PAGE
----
Review

MotorStorm: Apocalypse Review (PS3)

MotorStorm probably has the most peaks and troughs of any game series I’ve come into contact with. The original was championed by Sony as the first killer app of the PlayStation 3 but was crippled by the lack of modes and basic options. The follow-up named MotorStorm: Pacific Rift was essentially what the first game should have been, adding in all the content you’d expect from a modern racer and generally tightening up the whole experience.

The latest entry in the series, MotorStorm: Apocalypse, lies somewhere in between the two. Whereas Pacific Rift was an undeniable step up from the first, this third PS3 iteration feels more like a sidestep or perhaps even a misstep for the series.

Sony hasn’t put out any press materials of the motion comic cutscenes. There’s a reason for that

In terms of game play very little has changed since the original despite the shift in scenario. The core off-road racing is still all about using the different vehicle and terrain types to your advantage and cranking the most out of your speed boost ability without blowing yourself to pieces.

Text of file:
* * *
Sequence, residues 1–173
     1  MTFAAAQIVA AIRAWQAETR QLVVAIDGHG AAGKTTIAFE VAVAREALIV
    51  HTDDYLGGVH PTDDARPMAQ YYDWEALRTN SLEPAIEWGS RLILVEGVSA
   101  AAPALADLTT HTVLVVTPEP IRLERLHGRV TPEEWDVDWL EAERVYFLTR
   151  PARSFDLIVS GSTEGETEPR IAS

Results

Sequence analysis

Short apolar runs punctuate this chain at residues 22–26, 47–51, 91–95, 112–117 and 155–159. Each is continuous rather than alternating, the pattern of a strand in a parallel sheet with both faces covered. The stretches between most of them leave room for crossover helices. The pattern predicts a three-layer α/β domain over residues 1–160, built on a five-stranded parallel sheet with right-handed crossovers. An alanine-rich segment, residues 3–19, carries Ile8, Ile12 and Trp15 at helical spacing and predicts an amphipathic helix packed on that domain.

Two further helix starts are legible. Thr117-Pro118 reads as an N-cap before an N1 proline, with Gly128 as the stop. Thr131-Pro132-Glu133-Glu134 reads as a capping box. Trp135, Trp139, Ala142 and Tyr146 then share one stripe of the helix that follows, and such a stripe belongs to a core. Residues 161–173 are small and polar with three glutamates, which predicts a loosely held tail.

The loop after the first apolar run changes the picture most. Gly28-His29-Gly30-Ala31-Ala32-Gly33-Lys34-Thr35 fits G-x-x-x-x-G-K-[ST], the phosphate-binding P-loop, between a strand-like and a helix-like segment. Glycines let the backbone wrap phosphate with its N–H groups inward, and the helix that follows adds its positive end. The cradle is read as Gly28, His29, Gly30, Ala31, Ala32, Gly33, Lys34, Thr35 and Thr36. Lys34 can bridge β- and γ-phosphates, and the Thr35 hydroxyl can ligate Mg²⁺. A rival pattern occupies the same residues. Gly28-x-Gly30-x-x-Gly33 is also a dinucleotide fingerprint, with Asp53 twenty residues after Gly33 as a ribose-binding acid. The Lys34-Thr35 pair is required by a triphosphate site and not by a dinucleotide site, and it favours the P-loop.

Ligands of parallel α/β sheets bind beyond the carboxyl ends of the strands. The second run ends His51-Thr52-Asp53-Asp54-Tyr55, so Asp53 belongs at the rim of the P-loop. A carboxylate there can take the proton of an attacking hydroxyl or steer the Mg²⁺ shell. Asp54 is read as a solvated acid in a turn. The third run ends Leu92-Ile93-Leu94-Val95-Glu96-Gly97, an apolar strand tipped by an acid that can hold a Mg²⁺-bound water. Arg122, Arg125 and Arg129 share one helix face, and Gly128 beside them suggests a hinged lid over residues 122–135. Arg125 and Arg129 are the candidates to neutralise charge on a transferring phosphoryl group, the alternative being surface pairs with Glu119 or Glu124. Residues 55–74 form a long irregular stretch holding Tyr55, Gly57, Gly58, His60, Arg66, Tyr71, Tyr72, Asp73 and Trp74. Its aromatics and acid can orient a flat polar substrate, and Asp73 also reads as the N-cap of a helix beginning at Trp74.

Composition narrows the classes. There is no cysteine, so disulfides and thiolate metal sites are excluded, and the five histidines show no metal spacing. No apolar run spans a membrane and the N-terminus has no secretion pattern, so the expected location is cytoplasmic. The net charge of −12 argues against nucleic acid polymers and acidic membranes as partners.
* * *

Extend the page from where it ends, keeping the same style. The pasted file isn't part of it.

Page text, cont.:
The most meaningful change to Apocalypse is also its most obvious one; the setting. Every track takes place in and around a fictional city that has been and continues to be devastated by natural disasters (not to mention the occasional crashing planes, airstrikes and derailing trains). This new location not only helps give the game a greater sense of identity but also allows for some impressive and track altering set pieces.

Structures and parts of the landscape will impressively crumble and shift to block or open up parts of the environment which initially encourages some quick thinking from players. However, with persistent play you’ll gradually learn where and when said events will occur so the illusion of dynamism doesn’t last all that long.

The game’s other big addition sadly fares a lot worse. Festival, the single player mode from MotorStorms past, returns though this time it has a story to tell through animated motion comic scenes. I use the terms ‘story’ and ‘animated’ extremely lightly since the former provides next to no context or emotional connection to the actual racing and the latter is mostly awful.